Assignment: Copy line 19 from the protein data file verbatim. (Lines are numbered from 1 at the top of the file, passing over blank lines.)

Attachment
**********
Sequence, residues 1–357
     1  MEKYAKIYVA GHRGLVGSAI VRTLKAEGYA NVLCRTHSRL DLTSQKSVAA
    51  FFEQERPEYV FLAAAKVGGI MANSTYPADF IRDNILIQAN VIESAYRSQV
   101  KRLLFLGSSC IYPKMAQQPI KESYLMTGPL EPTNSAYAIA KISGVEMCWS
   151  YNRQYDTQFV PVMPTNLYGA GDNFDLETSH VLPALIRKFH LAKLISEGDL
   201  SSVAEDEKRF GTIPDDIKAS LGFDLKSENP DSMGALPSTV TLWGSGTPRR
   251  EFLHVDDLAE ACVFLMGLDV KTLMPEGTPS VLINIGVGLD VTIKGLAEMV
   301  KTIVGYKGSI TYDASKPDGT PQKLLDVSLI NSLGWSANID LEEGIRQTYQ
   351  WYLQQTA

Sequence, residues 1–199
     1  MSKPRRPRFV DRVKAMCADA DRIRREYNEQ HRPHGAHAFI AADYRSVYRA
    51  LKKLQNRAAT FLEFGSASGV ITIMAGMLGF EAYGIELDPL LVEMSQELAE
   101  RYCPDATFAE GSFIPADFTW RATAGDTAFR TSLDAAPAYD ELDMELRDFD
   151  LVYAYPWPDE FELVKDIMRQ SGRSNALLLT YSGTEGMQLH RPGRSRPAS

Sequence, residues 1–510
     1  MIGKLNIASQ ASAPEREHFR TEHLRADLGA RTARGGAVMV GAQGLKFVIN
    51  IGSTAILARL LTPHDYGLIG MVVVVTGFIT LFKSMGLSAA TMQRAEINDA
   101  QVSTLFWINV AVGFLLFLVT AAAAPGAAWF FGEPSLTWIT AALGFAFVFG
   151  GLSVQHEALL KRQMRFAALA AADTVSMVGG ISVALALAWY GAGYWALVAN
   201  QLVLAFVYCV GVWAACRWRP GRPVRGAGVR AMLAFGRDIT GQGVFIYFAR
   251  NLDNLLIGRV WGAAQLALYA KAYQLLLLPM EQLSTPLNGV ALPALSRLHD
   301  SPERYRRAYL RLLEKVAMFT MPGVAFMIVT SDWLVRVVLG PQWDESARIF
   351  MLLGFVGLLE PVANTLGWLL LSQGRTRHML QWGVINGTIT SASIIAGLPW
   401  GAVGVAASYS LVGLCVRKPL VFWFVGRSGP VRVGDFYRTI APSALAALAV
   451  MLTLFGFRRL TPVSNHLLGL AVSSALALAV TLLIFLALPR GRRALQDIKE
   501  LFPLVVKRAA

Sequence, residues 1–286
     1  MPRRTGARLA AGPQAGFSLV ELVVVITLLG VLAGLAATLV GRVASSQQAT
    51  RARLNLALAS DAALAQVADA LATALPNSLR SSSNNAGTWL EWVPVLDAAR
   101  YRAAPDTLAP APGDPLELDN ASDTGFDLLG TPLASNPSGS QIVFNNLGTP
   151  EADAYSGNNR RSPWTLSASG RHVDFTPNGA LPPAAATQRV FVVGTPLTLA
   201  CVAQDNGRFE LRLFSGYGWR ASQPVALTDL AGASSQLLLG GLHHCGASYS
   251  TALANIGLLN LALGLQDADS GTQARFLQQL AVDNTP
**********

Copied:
   151  GLSVQHEALL KRQMRFAALA AADTVSMVGG ISVALALAWY GAGYWALVAN